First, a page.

Multivitamins may serve a key role in preventing dementia, research finds.
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Medical experts have found that taking a daily multivitamin can ward off cognitive decline by up to two years, according to a new study out of Massachusetts General Hospital.
Cognitive decline is one of the first and primary symptoms associated with Alzheimer’s and dementia diseases, which combined affect 55 million people worldwide, according to the World Health Organization.
“Cognitive decline is among the top health concerns for most older adults, and a daily supplement of multivitamins has the potential as an appealing and accessible approach to slow cognitive aging,” said the first author of the new study Chirag Vyas.
The new findings, published in The American Journal of Clinical Nutrition, showed that a daily multivitamin of 20 essential nutrients “helps prevent memory loss and slow down cognitive aging,” according to senior author Dr. Olivia Okereke.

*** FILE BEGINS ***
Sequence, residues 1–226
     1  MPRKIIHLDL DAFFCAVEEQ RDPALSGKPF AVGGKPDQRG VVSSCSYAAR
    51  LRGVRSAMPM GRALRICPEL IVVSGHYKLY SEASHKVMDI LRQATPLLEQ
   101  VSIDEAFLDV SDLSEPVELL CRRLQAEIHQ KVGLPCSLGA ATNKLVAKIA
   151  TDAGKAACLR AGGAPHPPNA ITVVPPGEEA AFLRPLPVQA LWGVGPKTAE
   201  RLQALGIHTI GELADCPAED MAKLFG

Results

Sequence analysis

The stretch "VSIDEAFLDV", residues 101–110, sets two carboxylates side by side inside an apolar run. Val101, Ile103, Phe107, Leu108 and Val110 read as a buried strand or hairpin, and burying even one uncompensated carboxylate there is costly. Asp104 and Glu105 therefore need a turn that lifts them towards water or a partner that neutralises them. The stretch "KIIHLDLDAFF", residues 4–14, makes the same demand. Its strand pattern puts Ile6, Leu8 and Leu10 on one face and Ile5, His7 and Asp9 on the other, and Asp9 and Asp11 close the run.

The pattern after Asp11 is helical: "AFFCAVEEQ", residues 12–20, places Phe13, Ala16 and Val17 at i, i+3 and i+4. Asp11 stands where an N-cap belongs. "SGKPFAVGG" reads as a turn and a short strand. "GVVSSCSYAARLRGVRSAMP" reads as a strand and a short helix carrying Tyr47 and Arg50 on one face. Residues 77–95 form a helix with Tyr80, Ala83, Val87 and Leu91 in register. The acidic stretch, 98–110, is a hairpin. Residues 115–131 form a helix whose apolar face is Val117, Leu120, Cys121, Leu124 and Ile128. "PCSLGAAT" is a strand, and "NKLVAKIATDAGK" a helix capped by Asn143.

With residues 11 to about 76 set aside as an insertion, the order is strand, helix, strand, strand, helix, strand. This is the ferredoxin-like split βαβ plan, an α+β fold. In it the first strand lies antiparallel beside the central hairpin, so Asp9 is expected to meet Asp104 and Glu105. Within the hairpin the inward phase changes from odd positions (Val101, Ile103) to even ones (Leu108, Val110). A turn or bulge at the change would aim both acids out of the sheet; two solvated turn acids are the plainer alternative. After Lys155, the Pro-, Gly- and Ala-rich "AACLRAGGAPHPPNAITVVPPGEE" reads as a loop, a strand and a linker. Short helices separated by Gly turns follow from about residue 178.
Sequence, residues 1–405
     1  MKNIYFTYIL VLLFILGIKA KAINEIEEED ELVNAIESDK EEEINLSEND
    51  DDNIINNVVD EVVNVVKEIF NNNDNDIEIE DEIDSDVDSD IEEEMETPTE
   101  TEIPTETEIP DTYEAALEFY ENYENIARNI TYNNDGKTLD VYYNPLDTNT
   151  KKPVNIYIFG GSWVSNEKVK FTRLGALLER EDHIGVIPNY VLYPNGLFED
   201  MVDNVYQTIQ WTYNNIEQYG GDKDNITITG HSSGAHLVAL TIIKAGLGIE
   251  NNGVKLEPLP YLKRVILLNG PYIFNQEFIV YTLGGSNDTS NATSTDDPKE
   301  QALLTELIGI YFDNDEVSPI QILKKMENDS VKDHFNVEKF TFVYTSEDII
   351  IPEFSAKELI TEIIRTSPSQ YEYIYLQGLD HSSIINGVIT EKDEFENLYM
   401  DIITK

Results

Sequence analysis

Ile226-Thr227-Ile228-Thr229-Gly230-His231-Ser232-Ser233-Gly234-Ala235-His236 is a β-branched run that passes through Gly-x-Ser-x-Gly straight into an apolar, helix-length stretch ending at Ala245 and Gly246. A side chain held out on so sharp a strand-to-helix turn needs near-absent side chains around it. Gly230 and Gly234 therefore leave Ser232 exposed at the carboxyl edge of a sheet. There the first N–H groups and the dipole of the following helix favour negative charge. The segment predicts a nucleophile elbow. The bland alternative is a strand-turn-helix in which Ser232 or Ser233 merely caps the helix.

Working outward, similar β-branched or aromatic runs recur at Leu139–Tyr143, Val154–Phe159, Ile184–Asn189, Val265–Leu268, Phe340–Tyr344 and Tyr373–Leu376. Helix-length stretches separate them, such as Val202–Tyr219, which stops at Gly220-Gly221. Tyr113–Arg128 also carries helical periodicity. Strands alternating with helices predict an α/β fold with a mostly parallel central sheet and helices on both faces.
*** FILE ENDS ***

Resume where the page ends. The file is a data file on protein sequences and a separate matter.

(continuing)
The study included assessments of 573 individuals over two years. Those who were taking the multivitamin, compared to a placebo group, saw significant benefits to their memory’s ability to learn, store and retrieve information.
Researchers also found improvements in areas of orientation, attention, language fluency and related abilities known as global cognition by up to two years as well.
Fellow Brigham and Women’s Hospital researcher Howard Sesso called the discovery “exciting” and evidence that multivitamins are safe and a potentially beneficial health support supplement.
“It is now critical to understand the mechanisms by which a daily multivitamin may protect against memory loss and cognitive decline with a focus on nutritional status and other aging-related factors,” Sesso said.
Recently, a dentist spoke up on how maintaining quality oral health was tied to preventing mental decline and exercise was also connected to the prevention of these sorts of neurodegenerative diseases.